Check out the fantastic artworks of professional illustrator Dave Seeley in an interview prepared by 3D.sk and see what is he up to now.
An acclaimed artist whose illustrations have appeared on a rich spectrum of eye-catching book covers, Dave Seeley is one of the most exhilarating illustrators working in the science fiction/fantasy genre.
While I’ve been making art for as long as I can remember, I went to school as an architecture major, and minored in fine art. Then I practiced as an architect for a dozen years while collecting comics and fantasy art, before I decided to make the lateral move to being a pro illustrator. I certainly approach image making with an eye toward complex problem solving, which is the core of architectural design.
I also still have a strong sense of materials fetishism, and a love of spatial atmospherics. Not sure if that was in place prior to architecture training, but it persists in my work as an illustrator. I’m far more influenced by contemporary sci-fi film noir than by the legacy of science fiction illustration. I strive for edgy, sexy, dark, high impact, gritty, witty, substantial.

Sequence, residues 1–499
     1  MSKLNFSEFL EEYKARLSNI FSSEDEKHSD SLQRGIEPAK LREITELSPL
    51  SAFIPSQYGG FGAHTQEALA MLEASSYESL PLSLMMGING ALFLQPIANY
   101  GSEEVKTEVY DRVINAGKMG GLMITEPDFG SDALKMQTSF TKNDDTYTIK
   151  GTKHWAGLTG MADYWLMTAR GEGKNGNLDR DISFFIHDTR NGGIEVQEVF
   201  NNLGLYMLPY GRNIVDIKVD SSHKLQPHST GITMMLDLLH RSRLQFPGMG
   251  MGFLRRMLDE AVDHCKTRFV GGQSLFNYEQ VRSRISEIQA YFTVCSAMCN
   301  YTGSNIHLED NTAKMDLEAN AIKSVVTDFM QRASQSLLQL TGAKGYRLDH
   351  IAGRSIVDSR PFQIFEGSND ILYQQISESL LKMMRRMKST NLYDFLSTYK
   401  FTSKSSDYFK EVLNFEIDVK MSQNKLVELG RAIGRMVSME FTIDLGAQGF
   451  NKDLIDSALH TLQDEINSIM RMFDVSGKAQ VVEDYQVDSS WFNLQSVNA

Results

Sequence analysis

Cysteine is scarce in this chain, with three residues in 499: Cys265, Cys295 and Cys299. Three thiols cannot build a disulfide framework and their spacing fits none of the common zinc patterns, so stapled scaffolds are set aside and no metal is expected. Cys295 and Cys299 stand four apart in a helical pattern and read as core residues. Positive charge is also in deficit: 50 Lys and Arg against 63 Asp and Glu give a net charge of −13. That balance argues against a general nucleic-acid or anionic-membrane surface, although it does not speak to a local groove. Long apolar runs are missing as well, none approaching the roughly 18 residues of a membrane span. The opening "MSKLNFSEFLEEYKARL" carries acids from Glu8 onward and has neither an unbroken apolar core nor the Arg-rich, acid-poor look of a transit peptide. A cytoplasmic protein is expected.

At any given moment, I’ll have several obsessions bubbling in my psyche, and they all will play a role in current work. I utilize all available tools in 2D and 3D, using photographic, digital and traditional media, and I try to add to my toolbox as often as I can. I’ve always been fascinated by visions of the future, or alternate visions of our past.
Early television shows certainly played a part, and pulp novels as a teen. Heavy Metal magazine was a great source of sci fi, fantasy, and libido tickling rolled in to one visual package. It introduced me to adult – centric eurocomics. – preferred industry (commercials, movie pitches, and video games) Actually, a variety of kinds of work is important to maintaining interest and drive. My base bread and butter work is for book covers, but it’s great to play in other areas too, and get away from the rules of making a book jacket.
What had inspired you to do digital art?
Actually, I became interested in computers back in about 1995, and bought a mac… Initially I would build backgrounds from photos or just to color traditionally rendered images…. but slowly Photoshop became the primary tool. It surpassed all traditional forms of study and experimentation, so truly a game changer for explorations.